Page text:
Northwestern prof requires students take final exams. Then college dean steps in.

  • A Northwestern University professor pushed back against the school's directive to make finals optional.
  • School administrators then reportedly contacted the professor.

After Northwestern University Provost Jonathan Holloway announced that spring semester finals would become optional due to the coronavirus outbreak, one professor went against the grain, encouraging his students to stay tough and acknowledge this moment as one they can use to strengthen their resolve and overcome challenges in this time of difficulty. 

“You are strong,” Northwestern statistics Professor Martin Tanner wrote in an email to students, according to the Daily Northwestern student newspaper. “If God forbid, you get the virus, in all likelihood it will pass in a few days. But when this pandemic is over, you need to be able to look back and say ‘I was strong.'" Therefore, he continued, "I am not going to make the final optional for your own good.”

"I am not going to make the final optional for your own good.”   

But, as the Daily Northwestern reported, an administrator at the school spoke with Tanner, and Tanner later sent an email to his students to "deeply apologize for any anxiety," reassuring students that they would not have to take their final exam. 

[RELATED: Northwestern makes finals optional due to 'incredible stress' from coronavirus]

Another professor, political science professor Jacqueline Stevens, also took issue with the provost's directive regarding finals. According to the Daily Northwestern, Stevens said the provost lacks the authority to issue that mandate. 

“Last night the Provost distributed an announcement offering options for your final paper and your letter grade, despite the fact that he lacks any administrative authority to do so. Only instructors have the authority to create, evaluate, modify, or eliminate the assessments for your final letter grade," Stevens reportedly told students. 

“I would be disappointing all of you far more in the long run if I did not stand for principles and practices of academic freedom and the integrity of higher education," Stevens told her students.

[RELATED: Ivy League prof: Just give everyone an A]

However, the student newspaper reported that, like Tanner, Stevens was then contacted by the administration and was directed “to work within the parameters defined by the Provost last night regarding making final examinations and assessments optional.”

“While Dean Randolph agrees that Professor Stevens has the right to assign grades, she must do this in line with the University’s policies, as the Dean explained to her,” a Northwestern University spokeswoman told the student paper.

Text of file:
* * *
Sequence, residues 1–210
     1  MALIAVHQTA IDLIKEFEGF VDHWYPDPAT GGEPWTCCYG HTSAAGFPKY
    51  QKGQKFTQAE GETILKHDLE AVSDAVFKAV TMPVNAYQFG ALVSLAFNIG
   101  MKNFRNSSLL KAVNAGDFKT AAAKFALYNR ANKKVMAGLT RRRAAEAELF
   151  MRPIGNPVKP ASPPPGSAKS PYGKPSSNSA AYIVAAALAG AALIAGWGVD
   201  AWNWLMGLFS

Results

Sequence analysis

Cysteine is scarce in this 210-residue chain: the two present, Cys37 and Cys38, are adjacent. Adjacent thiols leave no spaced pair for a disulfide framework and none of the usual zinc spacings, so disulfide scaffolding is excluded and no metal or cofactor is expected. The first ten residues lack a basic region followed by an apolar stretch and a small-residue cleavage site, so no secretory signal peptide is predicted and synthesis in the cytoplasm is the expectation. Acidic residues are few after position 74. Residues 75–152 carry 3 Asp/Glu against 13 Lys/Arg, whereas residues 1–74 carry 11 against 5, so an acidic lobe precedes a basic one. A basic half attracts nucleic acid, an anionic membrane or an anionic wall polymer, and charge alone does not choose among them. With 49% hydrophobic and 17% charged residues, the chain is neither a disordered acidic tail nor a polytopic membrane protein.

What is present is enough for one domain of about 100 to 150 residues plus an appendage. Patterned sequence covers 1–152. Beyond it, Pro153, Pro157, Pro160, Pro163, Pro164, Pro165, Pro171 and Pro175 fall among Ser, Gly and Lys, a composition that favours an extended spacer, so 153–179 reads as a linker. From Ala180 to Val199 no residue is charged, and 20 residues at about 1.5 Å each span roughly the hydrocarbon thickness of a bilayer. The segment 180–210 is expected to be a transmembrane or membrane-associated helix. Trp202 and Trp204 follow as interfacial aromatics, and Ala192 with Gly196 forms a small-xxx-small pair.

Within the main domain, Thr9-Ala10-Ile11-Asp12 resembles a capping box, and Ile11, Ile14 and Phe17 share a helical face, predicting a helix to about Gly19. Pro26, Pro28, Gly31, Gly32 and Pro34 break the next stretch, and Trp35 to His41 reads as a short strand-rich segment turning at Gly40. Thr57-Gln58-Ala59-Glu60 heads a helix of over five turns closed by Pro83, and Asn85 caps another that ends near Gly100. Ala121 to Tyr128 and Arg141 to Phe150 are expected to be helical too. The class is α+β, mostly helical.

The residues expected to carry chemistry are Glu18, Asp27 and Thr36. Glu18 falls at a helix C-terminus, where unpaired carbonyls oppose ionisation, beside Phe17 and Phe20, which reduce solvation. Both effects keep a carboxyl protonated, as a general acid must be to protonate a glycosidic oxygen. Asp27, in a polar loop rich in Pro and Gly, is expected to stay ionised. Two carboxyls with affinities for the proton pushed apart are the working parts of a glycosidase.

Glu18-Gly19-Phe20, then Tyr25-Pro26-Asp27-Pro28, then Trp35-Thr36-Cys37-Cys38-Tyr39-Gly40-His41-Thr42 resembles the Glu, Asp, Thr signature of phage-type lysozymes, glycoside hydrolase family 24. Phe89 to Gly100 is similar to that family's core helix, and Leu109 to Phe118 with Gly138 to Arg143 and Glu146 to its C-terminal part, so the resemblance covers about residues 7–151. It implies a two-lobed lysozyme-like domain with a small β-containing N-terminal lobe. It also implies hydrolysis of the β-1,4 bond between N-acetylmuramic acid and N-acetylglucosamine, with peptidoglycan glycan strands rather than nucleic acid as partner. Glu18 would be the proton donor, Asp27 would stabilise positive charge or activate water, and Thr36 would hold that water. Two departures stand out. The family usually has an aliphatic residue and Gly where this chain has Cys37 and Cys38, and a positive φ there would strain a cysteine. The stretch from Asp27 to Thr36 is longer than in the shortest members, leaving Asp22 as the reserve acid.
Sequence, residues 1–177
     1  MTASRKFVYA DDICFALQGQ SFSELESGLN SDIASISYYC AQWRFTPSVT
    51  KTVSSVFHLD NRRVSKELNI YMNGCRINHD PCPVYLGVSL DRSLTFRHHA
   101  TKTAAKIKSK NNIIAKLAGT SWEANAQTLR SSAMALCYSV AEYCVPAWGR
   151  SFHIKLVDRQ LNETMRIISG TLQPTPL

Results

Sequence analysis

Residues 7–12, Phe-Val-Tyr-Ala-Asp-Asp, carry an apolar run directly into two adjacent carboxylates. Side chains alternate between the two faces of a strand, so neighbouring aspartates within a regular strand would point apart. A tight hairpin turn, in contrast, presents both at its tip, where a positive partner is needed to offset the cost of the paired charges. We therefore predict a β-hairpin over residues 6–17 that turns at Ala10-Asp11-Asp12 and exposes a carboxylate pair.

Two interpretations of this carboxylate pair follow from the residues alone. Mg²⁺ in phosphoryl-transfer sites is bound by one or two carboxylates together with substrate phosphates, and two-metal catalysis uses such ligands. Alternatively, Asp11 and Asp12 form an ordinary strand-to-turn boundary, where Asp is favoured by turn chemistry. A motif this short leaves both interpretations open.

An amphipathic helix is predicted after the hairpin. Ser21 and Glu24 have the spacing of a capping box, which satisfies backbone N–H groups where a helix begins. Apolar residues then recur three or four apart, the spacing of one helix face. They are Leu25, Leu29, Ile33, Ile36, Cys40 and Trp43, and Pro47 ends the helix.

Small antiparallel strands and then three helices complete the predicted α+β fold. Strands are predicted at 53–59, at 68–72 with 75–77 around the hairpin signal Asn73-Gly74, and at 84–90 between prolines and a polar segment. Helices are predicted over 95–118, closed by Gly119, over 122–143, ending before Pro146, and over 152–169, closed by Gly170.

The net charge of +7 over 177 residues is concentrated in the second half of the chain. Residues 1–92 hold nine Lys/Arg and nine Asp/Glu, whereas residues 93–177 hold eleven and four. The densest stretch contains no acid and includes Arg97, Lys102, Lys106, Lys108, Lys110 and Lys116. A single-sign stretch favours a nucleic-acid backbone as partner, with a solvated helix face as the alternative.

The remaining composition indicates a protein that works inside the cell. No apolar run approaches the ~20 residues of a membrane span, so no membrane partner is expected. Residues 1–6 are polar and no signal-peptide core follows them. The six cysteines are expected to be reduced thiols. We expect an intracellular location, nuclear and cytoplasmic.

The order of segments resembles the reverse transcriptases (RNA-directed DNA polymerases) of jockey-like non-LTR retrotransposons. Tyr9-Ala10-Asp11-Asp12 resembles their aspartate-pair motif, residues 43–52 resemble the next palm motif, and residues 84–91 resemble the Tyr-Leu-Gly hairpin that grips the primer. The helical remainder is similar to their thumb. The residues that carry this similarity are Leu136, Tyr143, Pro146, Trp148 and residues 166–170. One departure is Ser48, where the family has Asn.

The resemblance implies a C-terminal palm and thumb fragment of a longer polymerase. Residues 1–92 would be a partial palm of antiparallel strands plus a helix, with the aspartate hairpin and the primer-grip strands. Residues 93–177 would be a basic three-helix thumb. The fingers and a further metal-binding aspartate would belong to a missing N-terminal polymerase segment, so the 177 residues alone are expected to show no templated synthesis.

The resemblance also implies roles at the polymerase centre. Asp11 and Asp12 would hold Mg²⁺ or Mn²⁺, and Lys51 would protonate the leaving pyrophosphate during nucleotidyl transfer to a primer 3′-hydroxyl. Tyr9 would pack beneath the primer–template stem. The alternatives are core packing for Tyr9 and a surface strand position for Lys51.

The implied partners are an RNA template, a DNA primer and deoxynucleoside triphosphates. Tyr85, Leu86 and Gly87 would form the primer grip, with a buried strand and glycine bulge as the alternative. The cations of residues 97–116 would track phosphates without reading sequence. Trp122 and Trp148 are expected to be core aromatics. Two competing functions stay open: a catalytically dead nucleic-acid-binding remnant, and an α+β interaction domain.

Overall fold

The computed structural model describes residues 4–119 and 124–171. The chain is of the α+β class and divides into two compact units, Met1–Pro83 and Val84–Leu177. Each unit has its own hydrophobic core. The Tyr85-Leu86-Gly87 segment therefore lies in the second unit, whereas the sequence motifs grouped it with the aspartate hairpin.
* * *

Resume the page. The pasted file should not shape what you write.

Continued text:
In an email to Campus Reform, Stevens said, "even before the Provost's announcement I cancelled the final exam."

The Daily Northwestern reported that while Stevens canceled the previously planned in-person final, she will now have students submit a final paper. Any student who submits a final paper can later opt to change their letter grade to a "pass/fail" and students who are sick and unable to complete their final paper can receive an "incomplete" and submit the paper at a later time. 

Stevens told Campus Reform that this approach has been popular with some of her students. 

"I have received a large number of emails from students in both classes expressing their appreciation of how much they learned and appreciated the opportunity to show this in their final papers, and supporting this decision," she said. 

Tanner did not respond to Campus Reform in time for publication. 

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Jon Street
Jon Street | Managing Editor

Jon Street is a news editor for Campus Reform. Six years ago, Jon cut his reporting teeth fresh out of college as an intern at Media Research Center's, where he interviewed multiple members of Congress and former presidential candidates. From there, he went on to complete a stint at, where his exclusive, investigative work was picked up or cited by the New York Times, Washington Post, Fox News, National Review, and the Drudge Report, among others. More recently, Jon spent three years as an assistant editor at In his free time, Jon enjoys trying new coffeehouses around the Washington, D.C. metropolitan area and traveling back to his home state of Missouri to spend time with his family.

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